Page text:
1965: International YCW: The Enquiry method

We publish this article, a working document of the Y.C.W 3rd International Council (Bangkok) to be of help to us all in gaining a deeper understanding of the Enquiry. This has a relevance to all Movements of Jocist inspiration. It underlines the need for meetings to be geared to real life, in order that our leaders will use the Enquiry method at all times. The lay apostolate will then become a way of life, rather than a technique.

the enquiry method…


The Y.C.W. method is more than an apostolic and educative method. It is essentially a young workers’ movement “in action” among them, by them, and for them, in their life and everyday surroundings.

To gear this Movement to action in real situations in life – a Movement which is both a transformer of this reality and an educator of active youth – the Y.C.W. helps young people to look at their life and that of their friends, to assess it in the light of Christ, to discover therein the call of God, and then to act together to respond to this appeal. This “acting together” results in the “Movement” which transforms and educates.

So, at the base of the Y.C.W. pedagogy, there are three fundamental attitudes which have prompted the “see-judge-act” technique and which express the orientation of the Y.C.W. method. These fundamental attitudes are:

1.        Spirit of enquiry (to be in search of life).

2.        Spirit of discovery and welcoming God acting in men and in the world.

3.        Spirit of committing oneself in charity to respond to the call of God.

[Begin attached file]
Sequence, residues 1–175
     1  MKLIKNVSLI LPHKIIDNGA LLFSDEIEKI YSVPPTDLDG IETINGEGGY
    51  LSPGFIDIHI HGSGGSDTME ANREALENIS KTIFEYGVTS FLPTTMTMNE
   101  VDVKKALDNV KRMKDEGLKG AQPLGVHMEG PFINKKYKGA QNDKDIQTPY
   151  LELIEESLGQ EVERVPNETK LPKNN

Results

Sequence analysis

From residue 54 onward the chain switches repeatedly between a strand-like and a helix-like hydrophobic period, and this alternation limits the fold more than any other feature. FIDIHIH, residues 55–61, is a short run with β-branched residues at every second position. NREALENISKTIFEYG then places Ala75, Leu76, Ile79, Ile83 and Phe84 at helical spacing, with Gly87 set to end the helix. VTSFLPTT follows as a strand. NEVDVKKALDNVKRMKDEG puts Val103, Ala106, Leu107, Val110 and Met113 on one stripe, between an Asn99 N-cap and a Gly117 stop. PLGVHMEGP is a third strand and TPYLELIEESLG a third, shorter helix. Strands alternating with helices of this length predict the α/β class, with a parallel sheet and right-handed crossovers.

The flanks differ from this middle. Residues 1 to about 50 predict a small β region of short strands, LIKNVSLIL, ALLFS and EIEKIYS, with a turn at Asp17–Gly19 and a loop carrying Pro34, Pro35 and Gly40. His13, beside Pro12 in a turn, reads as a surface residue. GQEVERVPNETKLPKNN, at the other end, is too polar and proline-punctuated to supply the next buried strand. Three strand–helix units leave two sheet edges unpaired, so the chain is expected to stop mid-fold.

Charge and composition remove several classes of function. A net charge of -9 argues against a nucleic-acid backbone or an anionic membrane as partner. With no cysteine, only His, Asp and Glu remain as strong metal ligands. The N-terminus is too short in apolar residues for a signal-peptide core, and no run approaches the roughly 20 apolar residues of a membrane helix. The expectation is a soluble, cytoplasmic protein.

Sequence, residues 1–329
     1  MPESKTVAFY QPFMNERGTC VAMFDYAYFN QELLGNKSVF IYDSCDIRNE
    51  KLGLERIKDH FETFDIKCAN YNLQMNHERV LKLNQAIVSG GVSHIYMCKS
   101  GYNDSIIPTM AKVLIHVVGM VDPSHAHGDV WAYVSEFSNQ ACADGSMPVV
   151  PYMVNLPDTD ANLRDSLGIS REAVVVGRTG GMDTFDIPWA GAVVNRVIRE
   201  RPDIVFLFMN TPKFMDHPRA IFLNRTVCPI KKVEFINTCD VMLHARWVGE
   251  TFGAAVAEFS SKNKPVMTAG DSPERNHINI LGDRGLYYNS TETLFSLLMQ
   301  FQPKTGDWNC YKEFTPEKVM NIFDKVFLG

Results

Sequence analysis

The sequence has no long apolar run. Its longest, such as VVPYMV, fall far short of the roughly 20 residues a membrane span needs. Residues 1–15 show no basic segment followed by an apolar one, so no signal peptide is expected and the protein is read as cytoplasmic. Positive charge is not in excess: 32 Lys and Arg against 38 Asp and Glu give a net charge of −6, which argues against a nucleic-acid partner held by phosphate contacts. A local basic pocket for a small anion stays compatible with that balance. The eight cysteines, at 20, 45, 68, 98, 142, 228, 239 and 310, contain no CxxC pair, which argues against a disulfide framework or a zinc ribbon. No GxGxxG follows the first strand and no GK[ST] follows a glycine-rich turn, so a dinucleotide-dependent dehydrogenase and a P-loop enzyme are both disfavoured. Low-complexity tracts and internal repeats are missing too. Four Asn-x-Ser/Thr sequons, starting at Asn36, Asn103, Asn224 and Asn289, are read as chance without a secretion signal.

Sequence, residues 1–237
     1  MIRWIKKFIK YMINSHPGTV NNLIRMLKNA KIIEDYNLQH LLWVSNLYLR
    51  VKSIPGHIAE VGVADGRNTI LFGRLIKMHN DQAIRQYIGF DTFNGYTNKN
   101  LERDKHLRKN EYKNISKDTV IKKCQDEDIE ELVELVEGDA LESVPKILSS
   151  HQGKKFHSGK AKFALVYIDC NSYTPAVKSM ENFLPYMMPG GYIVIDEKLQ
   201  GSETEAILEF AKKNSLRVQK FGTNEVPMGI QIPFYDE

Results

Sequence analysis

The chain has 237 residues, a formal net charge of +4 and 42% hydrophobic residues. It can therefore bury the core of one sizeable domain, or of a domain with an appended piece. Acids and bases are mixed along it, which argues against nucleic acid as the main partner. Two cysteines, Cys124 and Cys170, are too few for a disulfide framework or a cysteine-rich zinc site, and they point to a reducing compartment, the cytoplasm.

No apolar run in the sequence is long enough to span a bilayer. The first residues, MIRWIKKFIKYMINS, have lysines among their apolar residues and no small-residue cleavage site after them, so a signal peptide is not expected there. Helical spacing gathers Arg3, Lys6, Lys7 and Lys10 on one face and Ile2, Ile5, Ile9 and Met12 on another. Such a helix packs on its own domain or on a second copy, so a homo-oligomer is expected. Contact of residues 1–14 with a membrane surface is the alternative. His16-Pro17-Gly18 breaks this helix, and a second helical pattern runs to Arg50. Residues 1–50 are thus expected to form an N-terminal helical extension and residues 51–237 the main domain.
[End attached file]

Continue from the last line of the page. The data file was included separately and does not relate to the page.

1st Part: SEE

The attitude that the word “see” expresses is one of enquiry, to examine life and living conditions, the desire to know reality, to be close to life and to take an interest in others.

This is being “attentive to life.”

It is related with the spirit of the Gospel, the good Shepherd knows his flock,” “the Son of man came to search out and save those who were lost.”

Thus, this attitude is a form of genuine love and we find it with Christ himself.

At the same time it is educative, for it helps the young worker to be more aware of what’s going on in his life, his surroundings and those of others. There is a danger however, that the young worker is not really aware of many of the realities of his life and the life of others: realities which have a good deal of importance for living a human and Christian life. There is thus the risk that he lets these things slip by. Either because he is more or less fatalistic, thinking that his living conditions are unchangeable and that the only thing to do is to put up with them, or because he is content with material comforts and easy pleasures which blind him to reality.

The Y.C.W. wants to help the young worker to take a deeper interest and be more aware of the ordinary and everyday happenings of life.

The “see” part involves the following stages:

– It is based on what young workers already see and what interests them in their life.

– Based on this and by common reflection or several opportune questions, young workers are brought on the one hand, to “see” aspects which they had not as yet discovered and on the other hand, to “see” in more detail.

This “seeing” in more detail helps them discover:

– How these facts of life involve the human person and affect the young worker both in his dignity and in his destiny.

– How these facts often reveal a more general situation affecting young workers as a whole.

The characteristics of “seeing”:

  • Reality. Seeing must be specific and objective. It’s a matter of seeing facts, not of giving opinions or ideas.
  • “Seeing” already gives us a Christian outlook on life because it means looking at a fact in so far as it relates to the human person in his dignity or destiny.        


2nd part: “JUDGE

The attitude that the word “Judge” expresses is one of reflection on the fact seen, an attitude of reflection with Christ.

This attitude is very important because it trains the young worker to reflect soundly to analyse the facts of life in depth and at the same time trains him in faith, hope and charity.

Two important steps in this Y.C.W. reflection are: